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Vol. 73, No. 2-3, 2006
Issue release date: July 2006
Section title: Case Report
Digestion 2006;73:167–170
(DOI:10.1159/000094524)

Hepatitis Induced by Noni Juice from Morinda citrifolia: A Rare Cause of Hepatotoxicity or the Tip of the Iceberg?

Yüce B. · Gülberg V. · Diebold J. · Gerbes A.L.
aDepartment of Internal Medicine II and bInstitute of Pathology, Ludwig Maximilians University of Munich, Munich, Germany

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Article / Publication Details

First-Page Preview
Abstract of Case Report

Received: 2/7/2006
Accepted: 4/24/2006
Published online: 7/28/2006

Number of Print Pages: 4
Number of Figures: 2
Number of Tables: 1

ISSN: 0012-2823 (Print)
eISSN: 1421-9867 (Online)

For additional information: http://www.karger.com/DIG

Abstract

A 24-year-old female patient presented to her community hospital with mild elevations of serum transaminase and bilirubin levels. Because of multiple sclerosis, she was treated with interferon beta-1a for 6 weeks. After exclusion of viral hepatitis due to hepatitis A–E, interferon beta-1a was withdrawn under the suspicion of drug-induced hepatitis. One week later, she was admitted again to her community hospital with severe icterus. The transaminase and bilirubin levels were highly elevated, and a beginning impairment of the liver synthesis was expressed by a reduced prothrombin time. The confinement to our department occurred with a fulminant hepatitis and the suspicion of beginning acute liver failure. There was no evidence for hepatitis due to potentially hepatotoxic viruses, alcoholic hepatitis, Budd-Chiari syndrome, hemochromatosis, and Wilson’s disease. In her serum there were high titers of liver-kidney microsomal type 1 autoantibody; the serum gamma globulin levels were in the normal range. Fine-needle aspiration biopsy of the liver ruled out an autoimmune hepatitis but showed signs of drug-induced toxicity. During the interview, she admitted that for ‘general immune system stimulation’ she had been drinking Noni juice, a Polynesian herbal remedy made from a tropical fruit (Morinda citrifolia), during the past 4 weeks. After cessation of the Noni juice ingestion, her transaminase levels normalized quickly and were in the normal range within 1 month.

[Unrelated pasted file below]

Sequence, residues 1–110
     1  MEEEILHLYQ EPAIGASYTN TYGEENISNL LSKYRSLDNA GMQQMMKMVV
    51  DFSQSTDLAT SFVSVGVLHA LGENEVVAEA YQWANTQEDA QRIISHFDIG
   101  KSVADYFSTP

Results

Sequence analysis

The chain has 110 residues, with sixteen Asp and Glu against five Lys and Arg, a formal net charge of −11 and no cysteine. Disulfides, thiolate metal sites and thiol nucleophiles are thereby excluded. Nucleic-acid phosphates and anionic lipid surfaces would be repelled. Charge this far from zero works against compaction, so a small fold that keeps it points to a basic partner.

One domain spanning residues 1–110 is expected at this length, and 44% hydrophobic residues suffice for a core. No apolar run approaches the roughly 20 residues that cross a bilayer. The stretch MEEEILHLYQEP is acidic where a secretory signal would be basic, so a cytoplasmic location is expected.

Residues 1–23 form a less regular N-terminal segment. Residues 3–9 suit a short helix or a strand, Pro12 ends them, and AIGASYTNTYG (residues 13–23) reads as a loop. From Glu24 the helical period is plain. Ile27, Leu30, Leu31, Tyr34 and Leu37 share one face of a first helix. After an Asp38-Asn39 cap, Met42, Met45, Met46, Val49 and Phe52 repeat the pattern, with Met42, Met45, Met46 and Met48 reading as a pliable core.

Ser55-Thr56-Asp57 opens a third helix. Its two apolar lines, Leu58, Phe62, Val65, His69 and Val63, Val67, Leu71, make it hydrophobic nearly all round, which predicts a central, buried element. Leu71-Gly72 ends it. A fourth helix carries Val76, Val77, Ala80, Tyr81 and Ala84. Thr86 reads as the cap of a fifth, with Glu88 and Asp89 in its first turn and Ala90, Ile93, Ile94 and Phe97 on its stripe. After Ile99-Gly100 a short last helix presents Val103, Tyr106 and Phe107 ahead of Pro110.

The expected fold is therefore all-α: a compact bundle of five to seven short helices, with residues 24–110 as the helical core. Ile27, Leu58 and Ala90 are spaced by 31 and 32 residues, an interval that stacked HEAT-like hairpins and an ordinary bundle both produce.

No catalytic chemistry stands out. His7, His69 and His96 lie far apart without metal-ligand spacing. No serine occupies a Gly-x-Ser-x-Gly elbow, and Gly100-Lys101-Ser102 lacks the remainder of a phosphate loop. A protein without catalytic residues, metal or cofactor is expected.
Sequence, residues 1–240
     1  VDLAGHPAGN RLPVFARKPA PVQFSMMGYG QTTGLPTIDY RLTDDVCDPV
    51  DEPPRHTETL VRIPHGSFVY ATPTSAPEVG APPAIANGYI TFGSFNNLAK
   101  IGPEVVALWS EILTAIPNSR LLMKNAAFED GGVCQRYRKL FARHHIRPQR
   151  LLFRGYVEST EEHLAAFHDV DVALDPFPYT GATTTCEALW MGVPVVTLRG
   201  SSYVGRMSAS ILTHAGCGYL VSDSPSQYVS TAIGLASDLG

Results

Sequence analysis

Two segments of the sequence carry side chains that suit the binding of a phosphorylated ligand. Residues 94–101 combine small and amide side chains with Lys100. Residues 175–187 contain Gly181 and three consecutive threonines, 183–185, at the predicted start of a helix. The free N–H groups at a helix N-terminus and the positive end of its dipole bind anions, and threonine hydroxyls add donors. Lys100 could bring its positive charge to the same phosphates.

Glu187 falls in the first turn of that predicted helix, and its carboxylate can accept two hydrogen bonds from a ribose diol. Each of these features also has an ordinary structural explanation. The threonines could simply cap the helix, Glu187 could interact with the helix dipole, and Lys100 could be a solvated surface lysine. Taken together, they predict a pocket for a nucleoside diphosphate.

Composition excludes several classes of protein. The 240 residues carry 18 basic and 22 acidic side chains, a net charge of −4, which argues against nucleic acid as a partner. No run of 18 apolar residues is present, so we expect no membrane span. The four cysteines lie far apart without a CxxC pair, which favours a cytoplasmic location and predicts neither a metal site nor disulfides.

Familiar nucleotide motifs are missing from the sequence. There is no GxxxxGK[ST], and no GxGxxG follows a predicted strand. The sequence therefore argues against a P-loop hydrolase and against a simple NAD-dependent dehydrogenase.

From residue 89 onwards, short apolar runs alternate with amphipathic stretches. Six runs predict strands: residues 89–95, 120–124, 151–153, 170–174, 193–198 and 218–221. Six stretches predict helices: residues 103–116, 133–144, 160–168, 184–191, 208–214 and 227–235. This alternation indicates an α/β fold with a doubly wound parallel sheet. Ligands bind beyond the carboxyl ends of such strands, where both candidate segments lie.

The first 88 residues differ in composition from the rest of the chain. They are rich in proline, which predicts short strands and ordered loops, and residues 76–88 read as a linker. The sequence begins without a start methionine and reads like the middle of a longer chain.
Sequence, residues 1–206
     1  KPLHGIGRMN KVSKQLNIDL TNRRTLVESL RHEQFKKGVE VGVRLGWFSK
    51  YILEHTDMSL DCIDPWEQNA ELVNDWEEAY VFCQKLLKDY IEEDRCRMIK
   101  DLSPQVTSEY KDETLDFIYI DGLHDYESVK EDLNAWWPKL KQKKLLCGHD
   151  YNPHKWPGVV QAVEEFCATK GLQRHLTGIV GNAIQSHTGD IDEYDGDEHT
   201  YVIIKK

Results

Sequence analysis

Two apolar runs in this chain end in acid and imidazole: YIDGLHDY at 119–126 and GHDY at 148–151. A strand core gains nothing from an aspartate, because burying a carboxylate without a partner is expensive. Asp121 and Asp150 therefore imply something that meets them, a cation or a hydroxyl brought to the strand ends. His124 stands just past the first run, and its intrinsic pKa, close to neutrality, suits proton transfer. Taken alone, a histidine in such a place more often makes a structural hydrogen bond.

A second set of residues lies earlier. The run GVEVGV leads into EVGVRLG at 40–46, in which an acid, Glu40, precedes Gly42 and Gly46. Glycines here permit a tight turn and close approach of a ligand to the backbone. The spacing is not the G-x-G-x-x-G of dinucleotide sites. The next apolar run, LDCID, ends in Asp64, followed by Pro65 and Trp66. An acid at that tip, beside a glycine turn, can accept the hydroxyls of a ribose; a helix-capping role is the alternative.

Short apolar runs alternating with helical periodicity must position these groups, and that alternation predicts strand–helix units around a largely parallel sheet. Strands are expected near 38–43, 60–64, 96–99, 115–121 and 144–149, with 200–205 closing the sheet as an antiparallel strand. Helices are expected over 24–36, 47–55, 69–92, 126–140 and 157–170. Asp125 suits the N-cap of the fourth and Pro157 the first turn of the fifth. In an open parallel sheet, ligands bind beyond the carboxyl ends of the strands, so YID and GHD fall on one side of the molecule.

Author Contacts

Veit Gülberg, MD
Department of Internal Medicine II, Ludwig Maximilians University of Munich
Marchioninistrasse 15
DE–81377 München (Germany)
Tel. +49 89 7095 0, Fax +49 89 7095 5284, E-Mail veit.guelberg@med.uni-muenchen.de

  

Article Information

Published online: July 11, 2006
Number of Print Pages : 4
Number of Figures : 2, Number of Tables : 1, Number of References : 9

  

Publication Details

Digestion (International Journal of Gastroenterology)

Vol. 73, No. 2-3, Year 2006 (Cover Date: July 2006)

Journal Editor: Beglinger, C. (Basel)
ISSN: 0012–2823 (print), 1421–9867 (Online)

For additional information: http://www.karger.com/DIG


Article / Publication Details

First-Page Preview
Abstract of Case Report

Received: 2/7/2006
Accepted: 4/24/2006
Published online: 7/28/2006

Number of Print Pages: 4
Number of Figures: 2
Number of Tables: 1

ISSN: 0012-2823 (Print)
eISSN: 1421-9867 (Online)

For additional information: http://www.karger.com/DIG


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Drug Dosage: The authors and the publisher have exerted every effort to ensure that drug selection and dosage set forth in this text are in accord with current recommendations and practice at the time of publication. However, in view of ongoing research, changes in goverment regulations, and the constant flow of information relating to drug therapy and drug reactions, the reader is urged to check the package insert for each drug for any changes in indications and dosage and for added warnings and precautions. This is particularly important when the recommended agent is a new and/or infrequently employed drug.
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